OSLO, Norway - A U.S. soldier accused of leaking classified material and a Pakistani girl shot by the Taliban are among the record 259 nominations received for this year's Nobel Peace Prize.
Fifty of the nominations were for organizations.
The secretive committee that awards the prize doesn't identify the nominees, but those with nomination rights sometimes announce their picks.
Names put forward this year include Bradley Manning, the U.S. Army private who has admitted sending hundreds of thousands of classified documents to the secrecy-busting website WikiLeaks, and 15-year-old Malala Yousafzai, an education activist who was shot in the head by Taliban militants while on her way home from school in Pakistan.
"This year's nominations come from all over the world ... well-known names, well-known presidents and prime ministers and also lesser well-known names working in humanitarian projects, human rights activists," said Norwegian Nobel Committee's non-voting secretary Geir Lundestad, who announced the nomination numbers Monday. "In recent years, some of the Nobel Peace Prizes may have been controversial but they have added to the interest of the prize."
Last year, the prize went to the European Union for promoting peace and human rights in Europe following the devastation of World War II, but not everyone approved the decision to give it to the bloc, which is dealing with a financial crisis that has led to hardship and suffering for many on the continent.
Three peace prize laureates — South African Archbishop Desmond Tutu, Mairead Maguire of Northern Ireland and Adolfo Perez Esquivel from Argentina — insisted the prize money of $1.2 million should not have been paid out in 2012 because they said the EU contradicts the prize's values because it relies on military force to ensure security.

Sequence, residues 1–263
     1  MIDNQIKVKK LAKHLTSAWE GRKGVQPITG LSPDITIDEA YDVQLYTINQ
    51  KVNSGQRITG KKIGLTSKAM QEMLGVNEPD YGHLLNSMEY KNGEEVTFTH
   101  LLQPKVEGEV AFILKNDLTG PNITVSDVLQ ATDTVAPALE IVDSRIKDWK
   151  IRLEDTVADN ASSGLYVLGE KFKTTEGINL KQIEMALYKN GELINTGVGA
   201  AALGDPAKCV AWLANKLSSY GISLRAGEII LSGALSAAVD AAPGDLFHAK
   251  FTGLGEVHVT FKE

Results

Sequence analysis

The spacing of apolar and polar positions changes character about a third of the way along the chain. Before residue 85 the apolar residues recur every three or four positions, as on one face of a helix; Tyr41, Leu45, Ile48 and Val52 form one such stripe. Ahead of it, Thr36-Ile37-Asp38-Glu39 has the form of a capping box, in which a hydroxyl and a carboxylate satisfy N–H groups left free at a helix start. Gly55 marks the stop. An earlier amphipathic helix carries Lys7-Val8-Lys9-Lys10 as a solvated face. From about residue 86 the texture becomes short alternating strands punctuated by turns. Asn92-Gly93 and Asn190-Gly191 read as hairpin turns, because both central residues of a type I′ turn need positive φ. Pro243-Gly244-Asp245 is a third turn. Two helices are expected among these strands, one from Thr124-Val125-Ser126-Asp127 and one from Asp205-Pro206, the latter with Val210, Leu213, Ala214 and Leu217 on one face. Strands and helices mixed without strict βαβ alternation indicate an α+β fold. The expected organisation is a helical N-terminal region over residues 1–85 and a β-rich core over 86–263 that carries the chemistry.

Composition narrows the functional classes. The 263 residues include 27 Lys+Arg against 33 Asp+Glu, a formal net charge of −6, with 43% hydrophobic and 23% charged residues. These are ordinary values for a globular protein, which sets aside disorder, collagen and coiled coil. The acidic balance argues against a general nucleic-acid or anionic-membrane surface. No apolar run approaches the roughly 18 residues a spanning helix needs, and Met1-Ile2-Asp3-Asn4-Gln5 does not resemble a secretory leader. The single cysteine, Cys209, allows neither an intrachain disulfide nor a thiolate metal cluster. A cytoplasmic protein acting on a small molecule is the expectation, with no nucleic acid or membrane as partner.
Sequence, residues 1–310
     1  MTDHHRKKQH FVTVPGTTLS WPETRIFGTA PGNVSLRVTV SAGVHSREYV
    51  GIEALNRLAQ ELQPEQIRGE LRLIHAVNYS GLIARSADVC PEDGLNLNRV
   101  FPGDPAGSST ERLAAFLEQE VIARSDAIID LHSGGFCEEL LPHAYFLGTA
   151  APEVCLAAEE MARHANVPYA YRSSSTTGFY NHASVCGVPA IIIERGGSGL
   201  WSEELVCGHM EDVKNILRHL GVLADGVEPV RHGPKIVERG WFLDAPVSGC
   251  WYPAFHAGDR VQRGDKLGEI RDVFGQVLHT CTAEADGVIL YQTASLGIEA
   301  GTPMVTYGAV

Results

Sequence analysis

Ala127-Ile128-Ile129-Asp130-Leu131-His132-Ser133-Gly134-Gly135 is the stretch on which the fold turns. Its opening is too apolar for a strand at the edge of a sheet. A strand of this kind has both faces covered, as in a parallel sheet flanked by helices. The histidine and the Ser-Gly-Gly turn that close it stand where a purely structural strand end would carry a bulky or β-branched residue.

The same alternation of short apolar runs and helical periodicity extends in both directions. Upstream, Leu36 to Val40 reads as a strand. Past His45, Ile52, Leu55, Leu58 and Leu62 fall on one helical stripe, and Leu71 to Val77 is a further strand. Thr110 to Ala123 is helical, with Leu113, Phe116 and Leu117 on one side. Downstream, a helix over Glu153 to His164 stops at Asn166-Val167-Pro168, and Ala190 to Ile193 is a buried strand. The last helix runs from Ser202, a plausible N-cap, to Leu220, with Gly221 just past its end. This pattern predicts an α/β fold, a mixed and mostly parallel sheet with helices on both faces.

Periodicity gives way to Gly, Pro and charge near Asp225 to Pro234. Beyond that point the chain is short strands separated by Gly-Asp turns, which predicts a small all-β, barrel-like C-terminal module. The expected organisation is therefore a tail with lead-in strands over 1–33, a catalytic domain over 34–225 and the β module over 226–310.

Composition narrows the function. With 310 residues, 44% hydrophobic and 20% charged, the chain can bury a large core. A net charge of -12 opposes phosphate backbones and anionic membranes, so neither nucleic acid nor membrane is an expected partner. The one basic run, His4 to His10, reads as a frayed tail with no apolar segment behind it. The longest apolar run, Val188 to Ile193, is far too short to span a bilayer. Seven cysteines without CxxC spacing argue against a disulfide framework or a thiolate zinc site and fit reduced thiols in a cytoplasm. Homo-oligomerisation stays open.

The nomination period for 2013 ended on Feb. 1. The previous record of 241 nominations was in 2011.
Kristian Berg Harpviken, the director of the Peace Research Institute Oslo, and a prominent voice in the Nobel guessing game, listed Yousafzai as his favorite for this year's award, followed by the Congolese physician and gynecologist Denis Mukweg — a leading figure in the fight against sexual violence worldwide — and three Russian female human rights activists: Lyudmila Alexeyeva, Svetlana Gannushkina and Lilya Shibanova.
None of Harpviken's favorites have won the prize since he started guessing in 2009.
The Nobel Prizes also include awards in medicine, physics, chemistry and literature. A sixth award, the Nobel Memorial Prize in Economics, was created by the Swedish central bank in 1968 in memory of prize founder Alfred Nobel.
The winners are usually announced in October and the awards are always presented on Dec. 10, the anniversary of Alfred Nobel's death in 1896.
The peace prize is awarded in Oslo, while the other Nobel Prizes are presented at ceremonies in the Swedish capital, Stockholm.
Last year, the Nobel Foundation decided to reduce the prize money of each of the six awards by 20 percent to 8 million kronor ($1.2 million) to help safeguard its long-term capital prospects.